Turntables now make up about 5 to 6 per cent of all audio source units being sold in the world, compared with 8 per cent for CD players. Lichtenegger is confident that turntables will reach 10 per cent in just two or three years. (By far the biggest-selling source units are streaming devices.)
He says buyers are from all age groups and all demographics, but young people are especially keen.
''As mainstream audio increasingly becomes about streaming compressed music from the internet to a single speaker, so there is a counter swing back to true fidelity again. People are buying organic foods and natural ingredients, they want beautiful furniture and iPads, and they're moving back to true fidelity. With fine music, turntables are regarded in much the same way as a fine glass is regarded for special wine.
''And they're fun.''
Pro-Ject builds 100,000 units a year and sells to 80 countries. Lichtenegger acknowledges that its success has generated a lot of competitive activity, both from new manufacturers and from some of the grand old brands of the business being reborn.
''That's a good thing,'' he says. ''More activity means more business for everyone.''
Pro-Ject employs more than 400 people in its factory, 350 of them making turntables and 70 making Pro-Ject's other important line: high-quality audio products a fraction the size of traditional, 44-centimetre-wide components made by almost everyone else.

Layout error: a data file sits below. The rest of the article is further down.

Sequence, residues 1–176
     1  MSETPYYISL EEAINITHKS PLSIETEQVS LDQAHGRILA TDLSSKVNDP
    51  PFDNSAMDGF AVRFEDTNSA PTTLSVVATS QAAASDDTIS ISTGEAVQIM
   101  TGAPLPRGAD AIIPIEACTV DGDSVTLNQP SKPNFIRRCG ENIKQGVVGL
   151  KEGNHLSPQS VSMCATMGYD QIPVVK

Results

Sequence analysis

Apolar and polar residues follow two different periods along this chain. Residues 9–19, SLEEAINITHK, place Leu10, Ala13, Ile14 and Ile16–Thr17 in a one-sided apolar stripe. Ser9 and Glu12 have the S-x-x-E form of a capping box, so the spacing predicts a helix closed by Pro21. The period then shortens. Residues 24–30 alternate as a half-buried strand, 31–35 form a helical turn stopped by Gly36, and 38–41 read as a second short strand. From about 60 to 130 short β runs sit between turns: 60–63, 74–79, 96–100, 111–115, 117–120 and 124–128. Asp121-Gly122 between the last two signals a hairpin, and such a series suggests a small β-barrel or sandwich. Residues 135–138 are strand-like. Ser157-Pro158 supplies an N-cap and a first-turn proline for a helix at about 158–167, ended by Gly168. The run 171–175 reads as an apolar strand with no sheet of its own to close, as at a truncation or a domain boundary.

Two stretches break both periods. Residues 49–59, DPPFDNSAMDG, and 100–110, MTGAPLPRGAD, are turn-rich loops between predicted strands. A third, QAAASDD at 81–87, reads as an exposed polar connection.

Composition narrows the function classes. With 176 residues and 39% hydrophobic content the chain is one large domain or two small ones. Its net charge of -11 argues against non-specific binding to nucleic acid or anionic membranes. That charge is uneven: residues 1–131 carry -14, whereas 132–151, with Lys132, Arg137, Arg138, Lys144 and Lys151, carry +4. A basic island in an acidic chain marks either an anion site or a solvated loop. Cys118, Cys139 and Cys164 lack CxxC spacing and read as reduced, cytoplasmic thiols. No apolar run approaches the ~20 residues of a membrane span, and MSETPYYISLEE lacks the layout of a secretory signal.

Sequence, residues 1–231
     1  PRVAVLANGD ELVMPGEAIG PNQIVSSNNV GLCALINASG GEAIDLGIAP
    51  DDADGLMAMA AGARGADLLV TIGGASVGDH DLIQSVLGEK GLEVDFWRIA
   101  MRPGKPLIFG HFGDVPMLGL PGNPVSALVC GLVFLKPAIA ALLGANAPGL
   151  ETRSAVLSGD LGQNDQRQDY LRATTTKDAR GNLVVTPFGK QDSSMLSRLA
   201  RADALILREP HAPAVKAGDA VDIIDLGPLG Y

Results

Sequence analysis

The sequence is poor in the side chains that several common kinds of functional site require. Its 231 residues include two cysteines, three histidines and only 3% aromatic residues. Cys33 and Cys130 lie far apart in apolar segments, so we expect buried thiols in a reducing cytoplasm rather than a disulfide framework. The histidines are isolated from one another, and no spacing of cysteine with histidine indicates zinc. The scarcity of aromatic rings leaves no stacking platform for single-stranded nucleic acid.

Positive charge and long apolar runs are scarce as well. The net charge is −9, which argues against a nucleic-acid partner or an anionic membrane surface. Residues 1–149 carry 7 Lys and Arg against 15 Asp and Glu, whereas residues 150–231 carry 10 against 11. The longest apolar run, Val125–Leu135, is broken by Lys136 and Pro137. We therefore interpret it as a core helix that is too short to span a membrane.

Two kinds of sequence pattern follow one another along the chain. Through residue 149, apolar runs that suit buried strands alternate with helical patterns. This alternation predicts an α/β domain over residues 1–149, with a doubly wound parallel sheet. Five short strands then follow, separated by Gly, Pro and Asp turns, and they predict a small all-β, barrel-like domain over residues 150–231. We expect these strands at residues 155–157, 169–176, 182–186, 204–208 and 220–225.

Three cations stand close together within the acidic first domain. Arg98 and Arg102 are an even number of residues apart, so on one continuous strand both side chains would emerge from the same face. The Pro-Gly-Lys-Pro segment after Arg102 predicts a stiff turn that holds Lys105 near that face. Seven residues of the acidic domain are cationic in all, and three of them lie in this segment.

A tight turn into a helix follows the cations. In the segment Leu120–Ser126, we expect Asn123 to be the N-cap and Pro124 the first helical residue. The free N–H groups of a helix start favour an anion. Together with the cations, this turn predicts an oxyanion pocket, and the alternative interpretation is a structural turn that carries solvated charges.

This dates back to the time when turntables ruled hi-fi systems. Go into any hi-fi shop today and you will see amplifiers, CD players, tuners and whatever else all the same width - 43 to 44 centimetres. This was so they could be stacked, with a turntable on top, which had to be that wide to accommodate a 30-centimetre (12-inch) record and the tonearm at its side. Later, racks were designed for this width. So the now standard 44-centimetre width for hi-fi equipment is dictated by a component that is no longer in widespread use.
These days, take the top off almost any 44-centimetre-wide component and you will see a lot of unused space.
Pro-Ject has designed much smaller components that pack as much power as the bigger gear, but take up a lot less space.
''There is no reason for audio components to be that size these days,'' Lichtenegger says, ''and yet everyone seems to stick with that size. They're calling me a crazy man for doing it differently.''
They've called him that before.
By the way, a container holds about 1500 turntables.
Aussies in the groove
Importer Alex Encel says the vinyl revival is alive and well in Australia. ''Our humble country ranks as one of Pro-Ject's top markets worldwide, he says. ''It's the top-selling turntable brand in the country, and worldwide it outsells the main competition about four to one.''
Pro-Ject has 14 turntable models on the Australian market, ranging from the fully manual Essential II at $429 to the imposing, 22-kilogram sorbothane-damped Xtension 10 at $3999. All are supplied with a tonearm and cartridge.
On the curious naming of his company, with a hyphen between the Pro and the Ject, Lichtenegger says: ''It was my huge project to make turntables popular again, yet I was sure I would get no international protection for the name Project. But for Pro-Ject, yes, because it's unique.''